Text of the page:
''Part 4 of the Enterprise Act 2002 will replace the monopoly provisions of the Fair Trading Act 1973 with a new regime of 'marketing investigations'.''

It goes on to say that market investigations might be necessary

''where competition does not appear to be working well, but where there is no apparent breach of existing competition law.''

It then says:

''An example of the sort of circumstances in which a market investigation might take place would be a situation where a few large firms supplied almost the whole of the market and, without there being any agreement between them, they all tended to follow parallel courses of conduct, while new competitors faced significant barriers to entry''

I expressed some concerns at the time of the Enterprise Act because, essentially, it boils down to Ministers thinking that there may be something dodgy going on but not having evidence to back up their suspicions. That has led inevitably to the imposition of huge costs on the industries that have been subjected to investigations. I would like to give a couple of examples because they illustrate the dangers.

The first, although it is not directly the responsibility of Ofcom it is related, is the record industry. There have been stories of the rigging of markets and the pricing of compact disks in particular over many, many years. In 1993, a year-long investigation by the Monopolies and Mergers Commission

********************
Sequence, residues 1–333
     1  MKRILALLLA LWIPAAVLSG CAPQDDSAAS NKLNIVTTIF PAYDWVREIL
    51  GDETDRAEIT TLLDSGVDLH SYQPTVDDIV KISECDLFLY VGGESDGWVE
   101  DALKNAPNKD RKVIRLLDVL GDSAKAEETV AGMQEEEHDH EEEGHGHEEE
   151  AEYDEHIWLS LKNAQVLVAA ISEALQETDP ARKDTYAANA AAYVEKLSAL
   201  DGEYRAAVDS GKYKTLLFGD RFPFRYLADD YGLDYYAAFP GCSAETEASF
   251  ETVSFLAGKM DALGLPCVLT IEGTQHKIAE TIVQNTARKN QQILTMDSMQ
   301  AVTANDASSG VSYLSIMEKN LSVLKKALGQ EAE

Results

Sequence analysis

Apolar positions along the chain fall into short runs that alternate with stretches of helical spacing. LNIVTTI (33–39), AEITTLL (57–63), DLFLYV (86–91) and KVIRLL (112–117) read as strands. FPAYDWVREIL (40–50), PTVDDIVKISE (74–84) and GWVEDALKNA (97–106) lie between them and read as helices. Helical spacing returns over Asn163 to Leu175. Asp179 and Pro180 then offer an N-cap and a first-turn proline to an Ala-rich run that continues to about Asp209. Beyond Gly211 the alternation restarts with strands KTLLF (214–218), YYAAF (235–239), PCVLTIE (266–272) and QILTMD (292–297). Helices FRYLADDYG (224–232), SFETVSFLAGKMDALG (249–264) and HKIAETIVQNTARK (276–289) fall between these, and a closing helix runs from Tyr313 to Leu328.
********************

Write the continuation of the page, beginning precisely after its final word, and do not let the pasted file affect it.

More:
Photo of Peter Atkinson Peter Atkinson Ceidwadwyr, Hexham 10:15, 4 Chwefror 2003

Order. I would be grateful to the hon. Gentleman if he told me what his argument has to do with the very precise provisions of clause 356, which deal with the functions of Ofcom under part 4 of the Enterprise Act. I know that he is going on a wide preamble; nevertheless, I wish that he would return to the subject matter as soon as possible.

Photo of John Whittingdale John Whittingdale Shadow Secretary of State for Culture, Media and Sport

My argument is relevant because clause 356 deals with that part of the communications market in which Ofcom applies Enterprise Act powers. Therefore my concerns about how such powers can be used apply equally to Ofcom in looking at the communications market as they do to how the Office of Fair Trading can use its new powers under the Enterprise Act. It is perfectly relevant to consider examples in which Enterprise Act powers have been used because the dangers that arise from them are equally applicable to how Ofcom might interpret its powers under clause 356.

It is valuable to consider a few examples. The example of the record industry is a very good one because it was subject to a full investigation by the Monopolies and Mergers Commission, which cleared the industry of any wrongdoing.

Photo of Michael Fabricant Michael Fabricant Ceidwadwyr, Lichfield

Is my hon. Friend aware that the old Select Committee on National Heritage also conducted an inquiry and confirmed that there was a monopoly in the record industry?

Photo of Peter Atkinson Peter Atkinson Ceidwadwyr, Hexham

Order. Once again, we are debating examples. I have told the hon. Member for Maldon and East Chelmsford that his remarks were going wide of the clause and I hoped that he was bringing his them to a conclusion. I would be grateful if he did not engage in the debate suggested by the hon. Member for Lichfield.